Monday, February 27, 2012

Thoughts on "Digital" and "Humanities" in the Everyday

Since this is my first post on this blog, I want foremost to thank Matt for inviting me to join the conversation. I look forward to seeing what comes of it. As my first post, I want to offer some thoughts on a methodological issue that has been on my mind especially in the last several weeks.

The other day, in conversation with a graduate student colleague and friend about current hot-topic trends in academia--what I, at the time, called "sexy buzzwords"--the topic of "digital humanities" came up. When I expressed my thoughts about how the topic is so prevalent at the moment (e.g. the recent MLA conference, several recent job talks in our department discussed it, etc.), my friend offered a joking but pointed response, to the effect of "I wonder if that's just a trend, and when they'll realize that it's just the way we all work now."

I acknowledge that this is a controversial question, and my thoughts on it are still forming as I read more around the topic. Of course I think that considering the pairing of digital tools and humanities is important--and there are some important conversations going on about this subject--but I do wonder to what extent the digital just presents new tools that we are becoming increasingly aware of and appropriating into our scholarship. After all, we never called our work "print [text?] humanities" when we relied on print technologies for our dominant tools of research and scholarly production. I have some genuine questions about this. Is the idea of "digital humanities" perhaps a way of drumming up new attention (and money) for humanities research with exciting and catchy appeal? Is it more than that, and if so, how and what? What are we to make of "digital" within humanities work, and how do we really define "digital humanities" as a new mode of working?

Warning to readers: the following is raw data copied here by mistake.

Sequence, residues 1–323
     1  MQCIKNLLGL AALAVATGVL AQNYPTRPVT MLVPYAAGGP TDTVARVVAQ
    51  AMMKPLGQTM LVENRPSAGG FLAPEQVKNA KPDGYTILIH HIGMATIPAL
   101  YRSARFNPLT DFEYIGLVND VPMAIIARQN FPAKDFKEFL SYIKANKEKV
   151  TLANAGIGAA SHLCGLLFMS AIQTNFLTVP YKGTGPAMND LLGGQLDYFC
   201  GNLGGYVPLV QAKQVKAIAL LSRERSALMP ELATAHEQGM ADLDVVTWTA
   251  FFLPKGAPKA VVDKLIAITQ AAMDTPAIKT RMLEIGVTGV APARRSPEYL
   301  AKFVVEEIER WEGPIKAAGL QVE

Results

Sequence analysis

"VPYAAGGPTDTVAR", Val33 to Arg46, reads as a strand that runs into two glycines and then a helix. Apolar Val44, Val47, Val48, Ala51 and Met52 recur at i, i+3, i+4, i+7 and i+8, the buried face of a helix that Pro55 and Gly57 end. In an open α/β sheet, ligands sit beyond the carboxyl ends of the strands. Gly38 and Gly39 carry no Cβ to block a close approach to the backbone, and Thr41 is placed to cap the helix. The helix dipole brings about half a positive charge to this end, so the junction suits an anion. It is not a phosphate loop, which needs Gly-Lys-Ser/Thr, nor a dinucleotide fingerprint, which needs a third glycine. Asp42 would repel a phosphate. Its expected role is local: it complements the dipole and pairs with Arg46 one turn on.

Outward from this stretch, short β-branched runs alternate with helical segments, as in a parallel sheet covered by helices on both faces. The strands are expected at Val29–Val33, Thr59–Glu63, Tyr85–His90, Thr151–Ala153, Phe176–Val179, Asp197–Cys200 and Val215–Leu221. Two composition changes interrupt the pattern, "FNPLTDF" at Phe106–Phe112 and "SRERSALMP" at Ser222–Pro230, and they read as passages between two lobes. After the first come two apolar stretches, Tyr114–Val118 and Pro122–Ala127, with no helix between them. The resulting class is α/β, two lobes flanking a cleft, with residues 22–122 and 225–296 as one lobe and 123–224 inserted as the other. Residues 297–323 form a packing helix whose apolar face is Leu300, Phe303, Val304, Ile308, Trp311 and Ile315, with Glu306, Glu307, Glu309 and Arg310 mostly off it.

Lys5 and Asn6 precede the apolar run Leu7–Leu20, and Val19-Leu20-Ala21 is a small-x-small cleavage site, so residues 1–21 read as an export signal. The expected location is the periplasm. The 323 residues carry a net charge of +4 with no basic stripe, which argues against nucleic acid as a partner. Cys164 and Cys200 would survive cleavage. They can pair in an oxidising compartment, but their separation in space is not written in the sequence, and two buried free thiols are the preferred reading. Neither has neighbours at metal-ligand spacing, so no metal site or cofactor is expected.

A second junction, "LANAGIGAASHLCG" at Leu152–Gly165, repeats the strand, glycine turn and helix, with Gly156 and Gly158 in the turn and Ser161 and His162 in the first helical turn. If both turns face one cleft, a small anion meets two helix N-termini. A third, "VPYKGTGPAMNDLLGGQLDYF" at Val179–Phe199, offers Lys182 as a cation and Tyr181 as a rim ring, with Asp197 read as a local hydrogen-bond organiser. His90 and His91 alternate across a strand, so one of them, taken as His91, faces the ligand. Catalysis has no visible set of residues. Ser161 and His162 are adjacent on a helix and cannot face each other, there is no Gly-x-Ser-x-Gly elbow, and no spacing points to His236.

Thinking about this issue made me reflect on my own scholarship, and how much of it is entrenched in the digital, whether or not I consider myself a conscious participant in digital humanities. This has become most evident as I've thought about the process of putting together my first article publication, “Staffordshire Hoard Item Number 550, a Ward Against Evil,” Notes and Queries ns 58 (2011). So I created a list of digital aspects of the process--while probably not comprehensive, I do think it is representative--from 2009 to publication in 2011:
- Official news of the Staffordshire Hoard discovery spreading across the internet (how I learned of it in the first place), including news websites, Facebook, Twitter, etc.
- Images appearing on The Staffordshire Hoard website (, where I first saw the gold piece with the inscribed psalm (Item 550)